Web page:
Our group reconsidered these and other results following the publication of Kourtidis et al. in 2010, which described the reliance of ERBB2-positive breast cancer cell lines upon chromosome 17-encoded regulators of lipid metabolism.21 At the time, we were analyzing the effects of TPD52 knock-down in breast cell lines.22 Like Kourtidis et al.,21 we noted that TPD52 knock-down decreased the survival of ERBB2-positive breast cancer cell lines,22 which were characterized by higher levels of LD staining.21 Breast and prostate cancers have been shown to accumulate cytoplasmic LDs,23-25 and ERBB2 expression in breast cancer has been associated with a transcriptional program upregulating fatty acid synthase.26 TPD52 also has a long history of being identified and studied as an androgen-induced gene/ protein,27,28 and androgen treatment of prostate cancer cells increases cytoplasmic LDs25 and regulates key anabolic enzymes.29 Careful searches of the literature identified previous links between TPD52 and lipid storage13,14,18,19,30,31 which were bolstered by numerous proteomic studies reporting the TPD52 paralogue TPD52L2 as a LD-associated protein (Table 1).32-37 Armed with these collective results, we examined whether TPD52 expression led to increased cellular lipid storage, and whether TPD52 represented be a bona fide partner of PLIN proteins.7
The approaches taken by Kamili et al.7 were straightforward. Existing cell line models were examined to determine whether TPD52 expression status altered LD numbers, and this was the case in the 2 series of cell lines available (mouse Balb/c 3T3 cells and human MDA-MB-231 cells).7 However, 3T3 cells expressing a related TPD52 protein (TPD52-like 1, or TPD52L1) (Fig. 1) showed LD numbers similar to those in vector controls and parental cells.7 Correspondingly, to our best knowledge, TPD52L1 has not been identified within any reported LD proteome (Table 1). We then studied TPD52-expressing 3T3 cell lines in more detail, and found that these contained more LDs following oleic acid supplementation than did control cells.7 Two of 3 TPD52-expressing 3T3 cell lines also showed significantly increased lipogenesis from both de novo synthesis and exogenous uptake.7 TPD52 partially co-localized with Golgi markers and Plin2/Adrp-coated LDs, with co-localization becoming more pronounced following oleic acid supplementation.7 Interestingly TPD52 showed detectable interactions with both PLIN2/ADRP and PLIN3/TIP47 in the yeast 2-hybrid system (Table 1),7 supporting the earlier identification of TPD52 as a PLIN1 partner.19 However, as TPD52L1 did not detectably interact with PLIN proteins (Table 1), isoform-specific interactions between TPD52 and PLIN proteins may therefore underpin a function for TPD52 in promoting intracellular lipid storage.7
While direct associations with PLINs may mediate TPD52 localization at LDs,7 such associations do not exclude TPD52 also directly associating with the LD. Amphipathic helices may underpin protein associations with LDs and other organelles,4,38 and although TPD52-like proteins include predicted amphipathic helices, their significance is unknown. Other hydrophobic LD targeting motifs identified in lipid-droplet associated proteins39,40 are not predicted in TPD52-like proteins. As TPD52L1 expression in 3T3 cells did not increase LD numbers and TPD52L1 did not detectably bind either PLIN2/ADRP or PLIN3/TIP47 in yeast 2-hybrid analyses,7 mapping molecular differences between TPD52 and TPD52L1 may explain why TPD52 (and possibly TPD52L2) associates with LDs. Both TPD52 and TPD52L2 were identified as cholesterol-interacting proteins in HeLa cells, with both selectively binding a trans-sterol probe vs. a non-steroidal neutral lipid probe.41 Furthermore, both TPD52 and TPD52L2 have been reported to bind the phosphoinositide PI(3,4,5)P3,42 raising the possibility that a subset of TPD52-like proteins may bind lipid species directly.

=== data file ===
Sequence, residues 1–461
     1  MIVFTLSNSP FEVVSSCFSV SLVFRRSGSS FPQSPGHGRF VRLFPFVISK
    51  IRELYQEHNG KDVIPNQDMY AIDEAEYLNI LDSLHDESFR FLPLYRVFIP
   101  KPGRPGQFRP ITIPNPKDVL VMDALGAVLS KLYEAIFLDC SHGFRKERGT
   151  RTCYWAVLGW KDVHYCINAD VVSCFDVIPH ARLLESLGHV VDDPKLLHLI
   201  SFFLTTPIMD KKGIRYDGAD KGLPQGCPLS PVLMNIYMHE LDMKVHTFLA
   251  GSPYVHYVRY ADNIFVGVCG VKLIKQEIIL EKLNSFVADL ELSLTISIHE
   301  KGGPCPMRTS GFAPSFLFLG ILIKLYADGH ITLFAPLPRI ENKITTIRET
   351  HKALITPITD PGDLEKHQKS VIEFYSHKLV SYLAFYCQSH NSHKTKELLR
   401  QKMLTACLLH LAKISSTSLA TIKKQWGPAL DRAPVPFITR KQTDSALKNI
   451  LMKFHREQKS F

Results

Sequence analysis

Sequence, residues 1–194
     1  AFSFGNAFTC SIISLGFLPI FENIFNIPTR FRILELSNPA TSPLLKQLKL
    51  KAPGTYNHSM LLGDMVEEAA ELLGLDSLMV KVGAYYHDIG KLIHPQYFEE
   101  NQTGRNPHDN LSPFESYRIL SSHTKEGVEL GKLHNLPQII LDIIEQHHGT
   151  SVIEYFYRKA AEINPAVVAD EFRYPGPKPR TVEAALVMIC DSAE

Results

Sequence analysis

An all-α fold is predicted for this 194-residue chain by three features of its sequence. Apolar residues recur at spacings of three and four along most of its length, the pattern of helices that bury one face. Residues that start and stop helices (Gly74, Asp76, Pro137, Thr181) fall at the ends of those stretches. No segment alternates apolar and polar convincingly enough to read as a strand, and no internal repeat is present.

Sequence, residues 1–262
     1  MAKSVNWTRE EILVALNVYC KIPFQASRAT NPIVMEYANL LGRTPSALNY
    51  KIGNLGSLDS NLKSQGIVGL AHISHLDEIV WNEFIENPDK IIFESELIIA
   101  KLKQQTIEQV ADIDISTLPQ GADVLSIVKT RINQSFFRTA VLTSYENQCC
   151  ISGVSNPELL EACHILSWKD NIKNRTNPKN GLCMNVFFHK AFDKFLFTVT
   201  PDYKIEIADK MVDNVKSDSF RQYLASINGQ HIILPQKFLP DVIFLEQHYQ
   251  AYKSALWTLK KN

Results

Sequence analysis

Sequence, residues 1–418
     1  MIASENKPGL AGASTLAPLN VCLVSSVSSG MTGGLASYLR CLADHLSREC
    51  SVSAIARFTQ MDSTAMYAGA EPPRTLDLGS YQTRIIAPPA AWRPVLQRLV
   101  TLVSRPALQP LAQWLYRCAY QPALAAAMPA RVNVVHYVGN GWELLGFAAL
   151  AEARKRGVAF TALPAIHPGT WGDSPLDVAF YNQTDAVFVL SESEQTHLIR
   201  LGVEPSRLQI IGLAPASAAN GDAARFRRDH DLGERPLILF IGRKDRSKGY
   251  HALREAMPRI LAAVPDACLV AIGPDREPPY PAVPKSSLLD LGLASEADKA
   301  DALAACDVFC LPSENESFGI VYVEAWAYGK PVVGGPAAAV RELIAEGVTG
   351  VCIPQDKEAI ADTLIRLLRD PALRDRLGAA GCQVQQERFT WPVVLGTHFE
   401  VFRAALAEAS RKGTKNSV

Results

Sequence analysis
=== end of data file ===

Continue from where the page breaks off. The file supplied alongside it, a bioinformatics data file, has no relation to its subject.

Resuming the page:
Recent studies of protein binding to LDs have suggested a protein crowding model, where space is created as LDs expand, and proteins are crowded off as LDs shrink.43 If TPD52 binds LDs directly or indirectly, increased detection of TPD52 at the LD surface under conditions where droplets are expanding would be in accordance with a crowding model (Fig. 2).43 TPD52 binding to PLIN proteins would also be expected to result in increased TPD52 detection at the LD under conditions requiring lipid storage. However, the fact that TPD52 has been only infrequently identified as a component of the LD proteome44 agrees with only a small proportion of TPD52 being detected at LDs using fractionation studies, in marked contrast to Plin2/Adrp.7 This disparity between the relative enrichment of Plin2/Adrp and TPD52 at LDs7 argues against PLIN binding being the major determinant of TPD52 localization at the LD.
The actual function of TPD52 at the LD is also a matter of conjecture. Detection of TPD52 at LDs significantly increased in TPD52-expressing 3T3 cells treated with oleic acid,7 which could reflect active TPD52 recruitment in response to increased storage requirements (Fig. 2), but could also more passively reflect increased LD numbers. The relatively small amount of TPD52 detected within the LD fraction of oleic acid-treated cells7 suggests a transient association, consistent with TPD52 trafficking other proteins to/ from the LD surface (Fig. 2). TPD52 could also compete within other LD proteins for binding, and thereby regulate the local abundance of other positive or negative regulators of lipid storage (Fig. 2).